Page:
Fuels

Kum & Go Prepares for the EV Revolution

Retailer makes room for charging stations as it attempts to stay ahead of disruption

CHICAGO -- Dwell time. Levels 2 and 3. CHAdeMo and SAE Combo. This is the new vocabulary for fuel retailers in the future, if growth projections for electric vehicles (EV) come to pass.

At a panel on capitalizing on the EV market at the 2017 NACS Show, Derek Nelson, manager of sustainability for Kum & Go L.C., West Des Moines, Iowa, cited the 455,000 preorders of Tesla’s Model 3 mass-market EV—which has just started coming off the assembly line—as a sign of the disruptive power of the transportation technology. Overnight, Tesla captured 2.5% of the of the projected 17.1 million in automotive sales for 2017. It also nearly doubled the 584,000 EVs sold to date in the United States.

“That’s disruption,” Nelson said. “Over the next 10 to 20 years, we’re going to see more transformation in this space when it accounts for our transportation than we’ve seen in the last 20 years.”

While he acknowledged that some may be skeptical that EVs will ever disrupt the transportation infrastructure—at least in the near term—Nelson urged fuel retailers to factor in charging stations as they plan new sites.

“If you build it, they will come. If you don’t, they won’t,” said Nelson. “If you have a traditional fueling station and you don’t offer this alternative fuel, they’re not going to come to your store if they’re driving an EV today.”

Kum & Go, which has more than 400 stores in 11 states, is piloting EV charging in partnership with charging-station provider ChargePoint at two sites under construction in Colorado. The installation, which will go online in February 2018, will include a Level 2 charger, which can charge a battery in four to six hours, and a Level 3 Fast Charger, which can provide close to a full charge in 20 to 30 minutes. The stations will offer the two main charging standards—CHAdeMO and SAE Combo—to accommodate a range of EV models.

The cost of installing the EV chargers was around $100,000, Nelson said. State incentives helped defray some of the expense. Even so, the chargers represent only about 10% of the cost of installing the tanks, dispensers, pumps and the other pieces of fueling equipment required for gasoline or diesel, he said.

A return on this investment can be tough to calculate. According to ChargePoint, about 70% to 80% of charging at public charging stations today is subsidized to the point that it is free. But as the market grows, this percentage will undoubtedly shrink. Kum & Go plans to charge for usage of its charging stations, but this can be a complicated decision. In Iowa, where Kum & Go is based, state law forbids reselling electricity. In Colorado, the retailer can charge for it. It is still finalizing its pricing, but it estimates it will make a 45% to 50% margin on charging.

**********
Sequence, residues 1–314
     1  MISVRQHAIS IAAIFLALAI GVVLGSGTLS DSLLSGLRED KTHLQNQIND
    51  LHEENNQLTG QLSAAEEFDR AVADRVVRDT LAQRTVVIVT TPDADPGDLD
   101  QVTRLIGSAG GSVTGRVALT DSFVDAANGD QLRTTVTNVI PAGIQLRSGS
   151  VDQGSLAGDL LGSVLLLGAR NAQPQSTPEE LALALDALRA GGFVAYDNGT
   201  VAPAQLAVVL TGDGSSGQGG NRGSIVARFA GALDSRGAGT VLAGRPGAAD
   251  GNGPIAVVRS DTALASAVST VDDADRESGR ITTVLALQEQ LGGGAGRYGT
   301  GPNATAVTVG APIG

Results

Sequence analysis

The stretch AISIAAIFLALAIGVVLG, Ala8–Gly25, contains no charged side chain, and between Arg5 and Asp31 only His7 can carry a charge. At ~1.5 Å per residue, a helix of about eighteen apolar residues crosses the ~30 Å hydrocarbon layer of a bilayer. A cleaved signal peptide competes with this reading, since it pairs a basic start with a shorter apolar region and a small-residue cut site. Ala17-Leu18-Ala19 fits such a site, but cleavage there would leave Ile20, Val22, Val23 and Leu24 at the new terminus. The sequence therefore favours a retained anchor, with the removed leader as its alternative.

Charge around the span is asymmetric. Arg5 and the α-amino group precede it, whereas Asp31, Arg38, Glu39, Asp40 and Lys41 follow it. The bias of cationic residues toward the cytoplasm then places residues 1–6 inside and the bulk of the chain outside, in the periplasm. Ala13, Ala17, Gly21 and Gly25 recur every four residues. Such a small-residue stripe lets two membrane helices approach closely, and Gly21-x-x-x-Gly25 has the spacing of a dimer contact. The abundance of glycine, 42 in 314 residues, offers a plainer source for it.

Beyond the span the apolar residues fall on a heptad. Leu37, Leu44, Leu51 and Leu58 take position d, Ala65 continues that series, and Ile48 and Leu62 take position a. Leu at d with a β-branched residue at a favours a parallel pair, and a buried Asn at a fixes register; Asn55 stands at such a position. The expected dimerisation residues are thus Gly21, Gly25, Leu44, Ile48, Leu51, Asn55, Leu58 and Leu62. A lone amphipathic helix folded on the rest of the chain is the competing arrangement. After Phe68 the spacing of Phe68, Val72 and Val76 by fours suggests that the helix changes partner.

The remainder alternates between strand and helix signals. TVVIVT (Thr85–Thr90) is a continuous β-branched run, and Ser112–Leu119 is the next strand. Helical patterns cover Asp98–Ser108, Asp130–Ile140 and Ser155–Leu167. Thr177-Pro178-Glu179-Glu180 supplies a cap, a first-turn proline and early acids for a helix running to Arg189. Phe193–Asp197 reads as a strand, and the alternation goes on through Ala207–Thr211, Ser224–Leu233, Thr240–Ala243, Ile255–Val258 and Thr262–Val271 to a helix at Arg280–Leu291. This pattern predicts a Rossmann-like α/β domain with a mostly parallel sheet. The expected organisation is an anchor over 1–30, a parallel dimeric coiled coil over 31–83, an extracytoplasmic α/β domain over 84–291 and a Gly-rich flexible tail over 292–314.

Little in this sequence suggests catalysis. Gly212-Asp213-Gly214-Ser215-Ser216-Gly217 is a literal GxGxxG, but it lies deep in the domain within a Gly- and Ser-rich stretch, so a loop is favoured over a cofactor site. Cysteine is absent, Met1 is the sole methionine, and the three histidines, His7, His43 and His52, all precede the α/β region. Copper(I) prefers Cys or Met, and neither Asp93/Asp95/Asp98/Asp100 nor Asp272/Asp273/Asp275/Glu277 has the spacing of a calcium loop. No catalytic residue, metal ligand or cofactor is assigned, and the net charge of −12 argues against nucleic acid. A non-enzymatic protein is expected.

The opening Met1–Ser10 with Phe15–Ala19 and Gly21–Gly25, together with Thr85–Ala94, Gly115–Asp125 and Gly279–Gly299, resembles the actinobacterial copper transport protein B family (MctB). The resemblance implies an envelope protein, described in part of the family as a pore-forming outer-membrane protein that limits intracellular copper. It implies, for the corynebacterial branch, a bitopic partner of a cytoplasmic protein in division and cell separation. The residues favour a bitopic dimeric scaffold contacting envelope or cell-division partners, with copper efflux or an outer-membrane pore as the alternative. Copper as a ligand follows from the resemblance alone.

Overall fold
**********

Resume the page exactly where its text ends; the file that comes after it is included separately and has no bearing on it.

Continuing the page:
“That looks a little better than your CPG (cents per gallon) of today, doesn’t it?” Nelson said.

In Front of the Curve

Economics will drive the rise of EVs; Nelson pointed to their lower fuel and maintenance costs. Assuming an average fuel price of $2.50 per gallon, a consumer could see savings of more than $1,000 per year after they pay the current premium on an EV. This gives a 12-year payback. With the $7,500 federal incentive and some state rebates on EV purchases, the premium gap can completely disappear.

Even if the incentives dry up, rapidly declining battery costs should soon erase the difference in the price between an EV and a conventional, gasoline- or diesel-powered vehicle. Nelson cited one study projecting that the cost to produce an EV will drop below that of a conventional vehicle by 2030, while another study suggests a 2020 dateline for disruption.

Kum & Go is attempting to stay in front of the curve. Its new Marketplace store format should match up with the 20- to 30-minute EV charging occasion—or dwell time—by offering indoor and outdoor seating, fresh and healthful food options, free Wi-Fi, and charging outlets for smartphones and laptops in the store.

“You could plug in your car, walk into our store, grab a breakfast sandwich and fresh cup of coffee, sit down, hammer out a few e-mails, business as usual, get on your merry way, and it’s no disruption to your daily lifestyle,” said Nelson.

Now some perspective: EV market analysts expect about 80% of charging to take place at home or the workplace. “That gives us a 20% opportunity,” said Nelson. “It not be that much or a big piece of the pie, but you think about that infrastructure investment—you can make a good return on investment case for this infrastructure.

“Get comfortable with it. Know what’s out there. And make sure you know what your company’s strategy is,” he continued. “Because if your strategy is not to be in this EV space—that’s fine—there’s no harm or foul there. But this market is coming.”

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